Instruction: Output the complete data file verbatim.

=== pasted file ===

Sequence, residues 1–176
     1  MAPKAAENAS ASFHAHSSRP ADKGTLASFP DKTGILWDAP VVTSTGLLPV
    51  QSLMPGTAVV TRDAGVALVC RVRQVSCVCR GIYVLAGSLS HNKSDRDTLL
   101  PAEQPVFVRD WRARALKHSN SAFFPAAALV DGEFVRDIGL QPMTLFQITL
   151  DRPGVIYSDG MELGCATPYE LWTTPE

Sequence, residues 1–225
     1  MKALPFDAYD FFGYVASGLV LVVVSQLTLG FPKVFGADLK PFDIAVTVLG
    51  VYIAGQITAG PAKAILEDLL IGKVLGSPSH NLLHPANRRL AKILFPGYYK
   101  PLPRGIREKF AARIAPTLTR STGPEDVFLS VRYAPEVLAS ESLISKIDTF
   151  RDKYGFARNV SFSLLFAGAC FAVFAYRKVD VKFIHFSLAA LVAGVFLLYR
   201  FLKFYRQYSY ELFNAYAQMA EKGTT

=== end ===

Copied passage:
Sequence, residues 1–176
     1  MAPKAAENAS ASFHAHSSRP ADKGTLASFP DKTGILWDAP VVTSTGLLPV
    51  QSLMPGTAVV TRDAGVALVC RVRQVSCVCR GIYVLAGSLS HNKSDRDTLL
   101  PAEQPVFVRD WRARALKHSN SAFFPAAALV DGEFVRDIGL QPMTLFQITL
   151  DRPGVIYSDG MELGCATPYE LWTTPE

Sequence, residues 1–225
     1  MKALPFDAYD FFGYVASGLV LVVVSQLTLG FPKVFGADLK PFDIAVTVLG
    51  VYIAGQITAG PAKAILEDLL IGKVLGSPSH NLLHPANRRL AKILFPGYYK
   101  PLPRGIREKF AARIAPTLTR STGPEDVFLS VRYAPEVLAS ESLISKIDTF
   151  RDKYGFARNV SFSLLFAGAC FAVFAYRKVD VKFIHFSLAA LVAGVFLLYR
   201  FLKFYRQYSY ELFNAYAQMA EKGTT